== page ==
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by Nadia Amoroso

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Author: Nadia Amoroso
ISBN: 041555179X
Language: English
Pages: 192 pages
Category: Architecture
Publisher: Routledge; 1 edition (June 23, 2010)
Rating: 4.4
Formats: lrf lit rtf lrf
FB2 size: 1613 kb | EPUB size: 1553 kb | DJVU size: 1975 kb
Sub: Photo

Nadia Amoroso takes the art and science of transforming statistical urban data into innovative maps to the next level in her recent book The Exposed City: Mapping the Urban Invisibles.

Nadia Amoroso takes the art and science of transforming statistical urban data into innovative maps to the next level in her recent book The Exposed City: Mapping the Urban Invisibles.

PDF On May 1, 2012, Nikhil Kaza and others published The Exposed City . The traditional map, to Amoroso, is a snapshot taken from a plane, a bird’s-eye

PDF On May 1, 2012, Nikhil Kaza and others published The Exposed City: Mapping the Urban Invisibles, by Nadia Amoroso. Therefore, I was expecting to learn from the book new design. The traditional map, to Amoroso, is a snapshot taken from a plane, a bird’s-eye. view, of things in a city, such as buildings, roads, forests, and lakes, which are visible to the naked eye. Like Caesar’s ghost, this map looms in the background without being deliberately acknowledged.

The Exposed City book. Details (if other): Cancel. Thanks for telling us about the problem. The Exposed City: Mapping the Urban Invisibles.

Nadia Amoroso tackles these questions by taking statistical urban data and exploring how they could be transformed into innovative new maps. Nadia Amoroso specializes in visual representation as it relates to architecture, landscape architecture and the urban environment

Nadia Amoroso tackles these questions by taking statistical urban data and exploring how they could be transformed into innovative new maps.

Cities, maps and data visualization are frequent obsessions around here, and the intersection of the three hits a. .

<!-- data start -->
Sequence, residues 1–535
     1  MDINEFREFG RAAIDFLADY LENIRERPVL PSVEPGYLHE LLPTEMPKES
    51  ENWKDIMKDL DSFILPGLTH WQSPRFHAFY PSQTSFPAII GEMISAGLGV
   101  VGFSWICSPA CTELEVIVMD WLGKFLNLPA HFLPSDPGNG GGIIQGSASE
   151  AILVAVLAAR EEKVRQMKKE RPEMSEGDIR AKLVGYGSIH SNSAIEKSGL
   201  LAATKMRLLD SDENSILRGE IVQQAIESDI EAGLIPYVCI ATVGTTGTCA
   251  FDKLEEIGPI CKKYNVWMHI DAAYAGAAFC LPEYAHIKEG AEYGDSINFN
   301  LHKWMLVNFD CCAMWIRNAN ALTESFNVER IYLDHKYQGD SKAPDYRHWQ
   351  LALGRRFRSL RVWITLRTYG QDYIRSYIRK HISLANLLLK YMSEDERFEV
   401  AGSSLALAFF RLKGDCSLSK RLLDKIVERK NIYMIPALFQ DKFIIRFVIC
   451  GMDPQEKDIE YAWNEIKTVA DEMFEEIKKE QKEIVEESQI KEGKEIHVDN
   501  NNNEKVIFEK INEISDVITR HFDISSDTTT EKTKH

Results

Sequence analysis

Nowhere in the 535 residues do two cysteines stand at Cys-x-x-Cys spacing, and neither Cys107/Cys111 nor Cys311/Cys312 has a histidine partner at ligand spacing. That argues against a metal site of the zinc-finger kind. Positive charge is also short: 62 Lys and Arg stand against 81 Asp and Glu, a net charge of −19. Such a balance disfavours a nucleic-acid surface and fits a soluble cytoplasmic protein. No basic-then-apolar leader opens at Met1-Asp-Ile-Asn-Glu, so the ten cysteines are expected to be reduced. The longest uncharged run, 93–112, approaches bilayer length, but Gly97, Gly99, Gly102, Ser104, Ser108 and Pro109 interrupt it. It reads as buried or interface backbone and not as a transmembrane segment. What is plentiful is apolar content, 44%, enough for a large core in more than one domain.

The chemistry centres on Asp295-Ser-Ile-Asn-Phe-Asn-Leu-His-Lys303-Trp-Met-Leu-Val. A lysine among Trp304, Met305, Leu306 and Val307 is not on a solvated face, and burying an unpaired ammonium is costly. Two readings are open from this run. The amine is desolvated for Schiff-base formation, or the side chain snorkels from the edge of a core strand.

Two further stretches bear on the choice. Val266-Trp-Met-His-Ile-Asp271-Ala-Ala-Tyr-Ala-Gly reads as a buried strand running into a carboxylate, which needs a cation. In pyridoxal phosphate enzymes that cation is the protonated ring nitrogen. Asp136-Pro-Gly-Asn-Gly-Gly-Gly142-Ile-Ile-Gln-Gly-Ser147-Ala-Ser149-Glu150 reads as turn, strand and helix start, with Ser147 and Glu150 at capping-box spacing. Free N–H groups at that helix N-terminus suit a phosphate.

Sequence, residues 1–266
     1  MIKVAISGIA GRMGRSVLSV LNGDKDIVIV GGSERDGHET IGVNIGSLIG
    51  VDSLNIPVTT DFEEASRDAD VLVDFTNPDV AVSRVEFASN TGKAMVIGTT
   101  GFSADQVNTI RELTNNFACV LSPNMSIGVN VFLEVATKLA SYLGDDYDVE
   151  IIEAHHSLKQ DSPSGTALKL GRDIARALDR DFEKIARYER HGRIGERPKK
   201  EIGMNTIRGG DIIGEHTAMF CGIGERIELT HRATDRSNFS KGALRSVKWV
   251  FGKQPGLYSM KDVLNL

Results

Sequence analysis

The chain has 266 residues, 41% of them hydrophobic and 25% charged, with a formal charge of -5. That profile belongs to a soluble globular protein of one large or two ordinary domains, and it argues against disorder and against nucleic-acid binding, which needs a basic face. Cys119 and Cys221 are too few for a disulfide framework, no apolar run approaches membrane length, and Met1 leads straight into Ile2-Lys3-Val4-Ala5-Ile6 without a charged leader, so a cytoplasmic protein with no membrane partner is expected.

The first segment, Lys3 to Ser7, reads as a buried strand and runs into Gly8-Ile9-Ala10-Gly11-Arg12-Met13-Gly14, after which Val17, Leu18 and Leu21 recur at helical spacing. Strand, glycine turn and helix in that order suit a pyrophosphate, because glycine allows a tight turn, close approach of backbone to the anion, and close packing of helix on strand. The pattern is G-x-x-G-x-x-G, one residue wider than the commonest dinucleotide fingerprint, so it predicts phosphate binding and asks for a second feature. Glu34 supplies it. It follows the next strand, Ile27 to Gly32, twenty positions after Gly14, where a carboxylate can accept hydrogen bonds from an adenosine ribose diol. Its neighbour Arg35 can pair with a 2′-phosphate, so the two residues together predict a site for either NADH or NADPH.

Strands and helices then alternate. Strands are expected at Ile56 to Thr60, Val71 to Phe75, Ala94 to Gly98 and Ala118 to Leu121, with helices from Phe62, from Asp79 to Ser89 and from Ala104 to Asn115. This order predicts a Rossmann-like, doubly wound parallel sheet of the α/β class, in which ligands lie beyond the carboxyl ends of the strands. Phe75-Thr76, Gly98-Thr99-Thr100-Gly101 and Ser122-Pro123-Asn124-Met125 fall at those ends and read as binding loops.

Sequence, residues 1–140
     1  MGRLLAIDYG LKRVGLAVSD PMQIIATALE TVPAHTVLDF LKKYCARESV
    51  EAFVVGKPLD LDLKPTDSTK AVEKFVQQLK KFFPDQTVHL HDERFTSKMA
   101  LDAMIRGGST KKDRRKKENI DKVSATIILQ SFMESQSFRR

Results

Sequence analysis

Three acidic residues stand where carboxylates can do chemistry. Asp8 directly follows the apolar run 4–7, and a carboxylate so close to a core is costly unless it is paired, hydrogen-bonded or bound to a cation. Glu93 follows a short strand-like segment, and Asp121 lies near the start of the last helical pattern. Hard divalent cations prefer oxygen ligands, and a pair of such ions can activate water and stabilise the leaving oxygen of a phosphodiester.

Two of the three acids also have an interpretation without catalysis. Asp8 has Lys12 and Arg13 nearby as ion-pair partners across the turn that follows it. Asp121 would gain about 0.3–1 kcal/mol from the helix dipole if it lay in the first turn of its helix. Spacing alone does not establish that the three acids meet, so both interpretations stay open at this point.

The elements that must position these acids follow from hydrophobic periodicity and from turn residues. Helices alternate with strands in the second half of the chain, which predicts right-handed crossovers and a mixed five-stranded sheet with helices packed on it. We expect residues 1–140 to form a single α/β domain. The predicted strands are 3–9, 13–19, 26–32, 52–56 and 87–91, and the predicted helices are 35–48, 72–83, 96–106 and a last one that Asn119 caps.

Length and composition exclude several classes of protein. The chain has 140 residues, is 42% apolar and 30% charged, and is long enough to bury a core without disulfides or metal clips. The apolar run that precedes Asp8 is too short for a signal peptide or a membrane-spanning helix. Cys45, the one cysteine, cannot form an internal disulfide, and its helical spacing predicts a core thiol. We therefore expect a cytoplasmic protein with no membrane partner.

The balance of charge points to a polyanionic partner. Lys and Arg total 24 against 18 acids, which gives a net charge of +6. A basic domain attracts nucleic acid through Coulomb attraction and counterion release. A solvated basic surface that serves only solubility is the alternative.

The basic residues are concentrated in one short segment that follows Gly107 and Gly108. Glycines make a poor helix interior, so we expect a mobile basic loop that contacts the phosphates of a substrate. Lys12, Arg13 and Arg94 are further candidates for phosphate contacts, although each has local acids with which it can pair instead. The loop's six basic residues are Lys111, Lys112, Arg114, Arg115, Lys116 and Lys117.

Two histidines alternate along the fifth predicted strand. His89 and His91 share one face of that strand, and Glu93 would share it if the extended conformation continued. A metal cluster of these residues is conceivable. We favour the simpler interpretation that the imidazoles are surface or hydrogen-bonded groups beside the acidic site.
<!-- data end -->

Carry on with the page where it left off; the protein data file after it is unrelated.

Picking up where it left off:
Cities, maps and data visualization are frequent obsessions around here, and the intersection of the three hits a sweet spot of the finest kind. But how did urbanism, cartography and information visualization first come together, and where are they going as bedfellows? That’s exactly what Nadia Amoroso explores in The Exposed City: Mapping the Urban Invisibles - an ambitious study of the invisible elements of the city, from demographics to traffic patterns to crime rate to environment, through map-landscapes.

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Nadia Amoroso takes the art and science of transforming statistical urban data into innovative maps to the next level in her recent book The Exposed City: Mapping the Urban Invisible. he author provides guiding.

If you love maps, not as just as visual artifacts but as part of design and planning methodology, Nadia Amoroso's recently published . The Exposed City: A Brief History of Mapping the Urban Invisibles by Maria Popova.

If you love maps, not as just as visual artifacts but as part of design and planning methodology, Nadia Amoroso's recently published ' The E. A book examines architects, designers, and other thinkers who have figured out how to visualize the urban experience. data visualization – Page 11. Landscape+Urbanism: Reading List: The Exposed City - Mapping the Urban Invisibles. Information Visualization Data Visualization Invisible Cities Information Design Cartography Urban Planning Reading Lists Map City.

Nadia Amoroso’s book ‘The Exposed City: Mapping the Urban Invisibles’ focuses on the profession of making . Other 3D sculptural maps depicted in the book look to be more familiar with a architectural model for a skyscraper then with a traditional cartographic product.

Nadia Amoroso’s book ‘The Exposed City: Mapping the Urban Invisibles’ focuses on the profession of making powerful maps in a new digital urban context. In the project Datatown by the world-famous Dutch architects of MVRDV, data is transformed into a new landscape or city form.

There is a vast amount of information about a city which is invisible to the human eye – crime levels, transportation patterns, cell phone use and air quality to name just a few. If a city was able to be defined by these characteristics, what form would it take? How could it be mapped?

Nadia Amoroso tackles these questions by taking statistical urban data and exploring howthey could be transformed into innovative new maps. The "unseen" elements of the city are examined in groundbreaking images throughout the book, which are complemented by interviews with Winy Maas and James Corner, comments by Richard Saul Wurman, and sections by the SENSEable City Lab group and Mark Aubin, co-founder of Google Earth.